World’s Biggest Planetarium Achieves Jaw-Dropping 10K Resolution

World’s Biggest Planetarium Achieves Jaw-Dropping 10K Resolution

Planetarium No. 1, the world’s biggest planetarium, uses NVIDIA graphics to showcase the universe with a level of clarity, detail and interactivity like never before. Russian dome with half-acre of screen area powered by NVIDIA Quadro graphics. Housed in a 19th century natural gas storage building, the planetarium’s exterior is about the only thing that isn’t on the cutting edge of modernity.

Inside is the world’s largest planetarium, with a half acre (2,000 square meters) of projection area within a 37-meter diameter dome. It’s the planet’s only large-size planetarium with a dome that partially touches the floor. This expansive viewing angle makes it possible for visitors to take photos of themselves with space in the background.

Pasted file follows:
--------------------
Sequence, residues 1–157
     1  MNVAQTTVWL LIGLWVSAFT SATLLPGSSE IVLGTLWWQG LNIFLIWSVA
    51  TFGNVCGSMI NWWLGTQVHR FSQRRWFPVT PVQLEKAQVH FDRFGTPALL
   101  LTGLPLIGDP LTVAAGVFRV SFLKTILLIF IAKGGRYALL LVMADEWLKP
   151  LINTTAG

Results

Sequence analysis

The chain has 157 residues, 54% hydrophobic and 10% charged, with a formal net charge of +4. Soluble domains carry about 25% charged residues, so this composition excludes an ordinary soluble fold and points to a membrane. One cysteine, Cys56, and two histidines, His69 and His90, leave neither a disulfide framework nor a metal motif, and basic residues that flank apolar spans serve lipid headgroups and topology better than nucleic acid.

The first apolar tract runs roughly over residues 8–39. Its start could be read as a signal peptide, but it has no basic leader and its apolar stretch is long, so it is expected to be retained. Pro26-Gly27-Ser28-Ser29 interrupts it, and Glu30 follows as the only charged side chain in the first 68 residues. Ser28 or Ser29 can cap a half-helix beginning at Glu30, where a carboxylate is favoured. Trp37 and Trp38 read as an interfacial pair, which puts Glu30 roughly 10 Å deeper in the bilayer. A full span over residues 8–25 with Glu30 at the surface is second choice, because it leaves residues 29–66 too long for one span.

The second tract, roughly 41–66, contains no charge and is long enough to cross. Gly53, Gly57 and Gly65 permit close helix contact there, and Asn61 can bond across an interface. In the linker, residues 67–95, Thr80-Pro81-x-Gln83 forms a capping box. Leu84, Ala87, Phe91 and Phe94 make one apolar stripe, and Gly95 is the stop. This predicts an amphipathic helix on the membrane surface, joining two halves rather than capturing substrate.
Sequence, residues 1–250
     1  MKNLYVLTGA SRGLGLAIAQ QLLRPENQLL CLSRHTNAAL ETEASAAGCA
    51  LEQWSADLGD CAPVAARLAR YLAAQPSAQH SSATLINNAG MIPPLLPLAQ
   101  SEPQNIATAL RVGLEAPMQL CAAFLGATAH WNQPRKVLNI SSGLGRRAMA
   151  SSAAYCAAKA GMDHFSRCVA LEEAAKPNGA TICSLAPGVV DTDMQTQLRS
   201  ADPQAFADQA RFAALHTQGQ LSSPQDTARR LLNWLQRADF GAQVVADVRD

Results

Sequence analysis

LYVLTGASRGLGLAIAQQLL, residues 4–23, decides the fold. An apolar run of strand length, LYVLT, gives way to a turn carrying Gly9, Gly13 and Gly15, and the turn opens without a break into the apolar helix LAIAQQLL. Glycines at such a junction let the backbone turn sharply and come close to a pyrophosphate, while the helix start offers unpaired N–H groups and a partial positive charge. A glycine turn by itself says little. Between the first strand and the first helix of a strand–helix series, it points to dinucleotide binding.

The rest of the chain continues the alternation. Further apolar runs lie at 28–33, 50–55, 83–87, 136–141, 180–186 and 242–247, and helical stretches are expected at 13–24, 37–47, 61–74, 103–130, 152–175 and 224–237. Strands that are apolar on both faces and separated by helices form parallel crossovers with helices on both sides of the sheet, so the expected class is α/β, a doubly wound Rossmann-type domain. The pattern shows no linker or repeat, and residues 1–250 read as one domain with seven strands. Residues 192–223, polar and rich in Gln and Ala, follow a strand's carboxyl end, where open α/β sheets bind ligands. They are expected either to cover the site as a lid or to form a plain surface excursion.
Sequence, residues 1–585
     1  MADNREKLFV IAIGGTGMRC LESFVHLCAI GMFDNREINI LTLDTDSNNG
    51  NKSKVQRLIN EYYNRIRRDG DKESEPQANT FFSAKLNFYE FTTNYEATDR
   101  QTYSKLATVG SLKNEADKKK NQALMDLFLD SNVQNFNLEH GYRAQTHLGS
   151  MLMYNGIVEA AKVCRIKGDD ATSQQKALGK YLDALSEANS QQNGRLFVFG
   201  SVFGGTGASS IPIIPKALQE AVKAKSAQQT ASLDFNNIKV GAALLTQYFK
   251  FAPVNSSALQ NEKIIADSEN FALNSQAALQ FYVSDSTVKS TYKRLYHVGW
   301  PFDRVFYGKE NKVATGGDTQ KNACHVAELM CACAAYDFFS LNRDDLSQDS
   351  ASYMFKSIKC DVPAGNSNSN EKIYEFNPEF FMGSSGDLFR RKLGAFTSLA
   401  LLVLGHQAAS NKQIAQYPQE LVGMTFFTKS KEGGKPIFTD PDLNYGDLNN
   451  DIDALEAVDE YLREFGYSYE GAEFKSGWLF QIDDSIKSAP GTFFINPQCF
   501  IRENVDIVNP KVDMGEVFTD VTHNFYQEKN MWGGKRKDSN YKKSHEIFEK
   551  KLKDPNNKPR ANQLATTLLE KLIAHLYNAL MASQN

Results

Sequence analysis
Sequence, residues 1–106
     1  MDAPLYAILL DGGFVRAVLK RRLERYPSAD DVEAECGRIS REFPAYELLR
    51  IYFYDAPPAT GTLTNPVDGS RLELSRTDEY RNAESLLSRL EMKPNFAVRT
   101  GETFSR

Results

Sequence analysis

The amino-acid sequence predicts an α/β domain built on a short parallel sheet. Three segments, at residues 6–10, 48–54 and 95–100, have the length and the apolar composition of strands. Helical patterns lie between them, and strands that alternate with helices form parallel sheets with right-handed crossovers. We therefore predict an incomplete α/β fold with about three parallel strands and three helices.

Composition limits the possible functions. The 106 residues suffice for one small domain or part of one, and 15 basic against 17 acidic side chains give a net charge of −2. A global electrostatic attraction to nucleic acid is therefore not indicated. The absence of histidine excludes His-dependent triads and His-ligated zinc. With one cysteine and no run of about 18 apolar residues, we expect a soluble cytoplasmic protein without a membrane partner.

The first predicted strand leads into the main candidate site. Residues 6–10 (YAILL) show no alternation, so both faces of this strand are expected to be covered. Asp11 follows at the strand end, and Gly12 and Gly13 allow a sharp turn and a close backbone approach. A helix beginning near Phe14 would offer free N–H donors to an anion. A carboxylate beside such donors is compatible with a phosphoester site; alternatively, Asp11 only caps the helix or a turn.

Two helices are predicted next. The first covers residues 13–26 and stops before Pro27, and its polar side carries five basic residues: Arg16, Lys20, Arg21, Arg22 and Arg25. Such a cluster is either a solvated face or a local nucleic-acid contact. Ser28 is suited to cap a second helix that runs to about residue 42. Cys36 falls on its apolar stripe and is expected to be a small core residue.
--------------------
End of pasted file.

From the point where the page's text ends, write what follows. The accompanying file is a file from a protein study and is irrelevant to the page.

A few months after its official opening in November, Planetarium No. 1 flipped the switch on its record-breaking projection system. It uses NVIDIA Quadro P6000 GPUs, which have become the de facto industry standard for building high-res, multiple-projector systems.

Each Quadro P6000 has four outputs creating 4K images, which are then synchronized across 40 high-resolution projectors from one server. Each projector is responsible for a section of the overall image, which must be blended seamlessly together, in a process known as image stitching. Using NVIDIA Quadro P6000 GPUs, Planetarium No. 1 boasts a record-breaking projection system.

The previous record holder, for both image stitching and dome size, is the 35m planetarium in the Nagoya Science Museum in Japan, which combines 24 projectors.